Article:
Dog Show Stereotypes – The Answers Part 1 of 4

Dog Show Stereotypes – The Answers Part 1 of 4

Now for the answers on why the stereotypes held for Dog Shows should be discarded as nothing but misconception. I’ve broken the seven points into four parts, with two each until we reach the final point which I feel very strongly against and will most likely have much to say.

Many of these points work against one another so it is important to note that I may repeat points occasionally. I will do my best not to do so within one post, but between posts this may happen.

1.) Dog shows are beauty pageants.

Here’s one that’s partially correct. Yes, judges are looking at the dog and comparing them to the “perfect” dog as written in that dogs breed standard and this could be viewed as a pageant of sorts. On the breed level, where the judge is looking for the Best of Breed or BOB for a show. On this level it may feel like a beauty pageant because the dogs are all competing against each other to see which fits this standard the best. However, those standards aren’t just cosmetic, more on this later. When it gets to the Best of Group and finally Best in Show level of a dog show, when they are not breed specific, the dogs aren’t actually competing against each other. They are all competing against this mythical “Perfect” for their breed. The dogs are then marked 1st, 2nd, and so on depending on how closely they fit the standard.

This is important though because through dog shows, breeders are showing that their foundation stock and breeding dogs are enhancing and bettering the breed. If a breeder is not able to do this, to show beautiful dogs who fit the standard and are personable, then they shouldn’t be breeding.

2.) Show Dogs are inbred and riddled with health problems.

So this is a two fold comment.

For inbreeding, This one used to be true and many irresponsible breeders (meaning puppy mill and backyard breeders) may still continue to do so. Responsible breeders will not breed two dogs who are close in lineage. This means no parent to child breedings, no pairs who share parents (whether they are litter mates or not), no grandparent to grandchild breedings, and even a great-grandparent to great-grandchild pairing would be looked at negatively in many situations. This is part of what we can love about having “papers”, or your pets lineage and pedigree. You can see lineage usually up to three generations at the very least.

For health problems, this is a  large source of confusion. People looking at purebred dogs, and at particular Breeders, will begin to see that almost every breed has one or more health tests that are done to the sire and dam (male and female in breeding pair) and to any puppies, and they also may find a list of possible health problems. To someone who doesn’t know any better this might appear to be a kind of admittance of health problems. What these tests actually do is prove that the dogs being bred are proven to not carry these hereditary diseases and also show that they are not displaying any signs of future problems, such as hip checks on dogs whose breeds are susceptible to hip dysplasia. If a breeder is using a dog with health problems in their breeding program, then something is wrong. This is also why dogs with faults should not be bred, such as “Fluffy” Pem. Corgis or ones with too much white. These faults can lead to problems in future pups. “Fluffys” have a coat which is unsuitable for herding as it is not the water-resistant coat of an Australian Shepherd and will matte and catch burrs easily. Corgi’s with too much white, especially on the head, are actually prone to become blind and/or deaf. To breed any dog with one of these faults would be to subject future generations to these problems as well.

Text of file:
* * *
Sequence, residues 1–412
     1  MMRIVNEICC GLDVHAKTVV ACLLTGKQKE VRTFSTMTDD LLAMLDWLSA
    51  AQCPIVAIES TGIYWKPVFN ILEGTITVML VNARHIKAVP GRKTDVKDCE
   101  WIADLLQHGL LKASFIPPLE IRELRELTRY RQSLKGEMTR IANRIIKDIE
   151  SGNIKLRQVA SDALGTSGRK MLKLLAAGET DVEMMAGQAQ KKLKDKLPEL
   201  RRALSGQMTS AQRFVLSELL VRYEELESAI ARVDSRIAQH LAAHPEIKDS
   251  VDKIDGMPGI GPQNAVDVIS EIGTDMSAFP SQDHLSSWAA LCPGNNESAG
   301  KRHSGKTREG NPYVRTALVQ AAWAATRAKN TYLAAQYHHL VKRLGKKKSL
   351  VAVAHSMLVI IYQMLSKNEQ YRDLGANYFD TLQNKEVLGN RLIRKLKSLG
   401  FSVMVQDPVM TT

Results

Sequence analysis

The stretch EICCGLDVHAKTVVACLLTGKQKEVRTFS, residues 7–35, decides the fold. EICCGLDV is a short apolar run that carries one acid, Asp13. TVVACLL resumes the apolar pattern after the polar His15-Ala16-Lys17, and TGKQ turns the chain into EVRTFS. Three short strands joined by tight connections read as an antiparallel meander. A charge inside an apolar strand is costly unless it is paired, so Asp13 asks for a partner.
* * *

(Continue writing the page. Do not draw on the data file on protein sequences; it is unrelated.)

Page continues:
This thought has also been perpetuated by the idea that mixed breeds or mutts are overall healthier than purebreds. It has recently come to light through a scientific study in 2013 in the Journal for the American Veterinary Medical Association that mixed breeds could actually be equally healthy, or unhealthy depending on how you look at it, as purebred dogs. The reason for this being that dogs who breed to create mixed breeds are usually made by irresponsible owners. I do not say breeders here as in many cases the owners do not intend to breed their dogs. The exception being the recent “Cross-breeds” who are coming to popularity such at the Goldendoodle and the Beabull. These dogs may have begun as an irresponsible owner situation but more and more reputable breeders are doing these pairings because of popularity. It is still very important to cross check your breeder, especially for cross breeds, as these dogs aren’t recognized by kennel clubs and many responsible kennel club breeders will tell you that to cross breed a dog is not in the end all benefit for either breed. I will talk more on this in my post about purebred dogs specifically.


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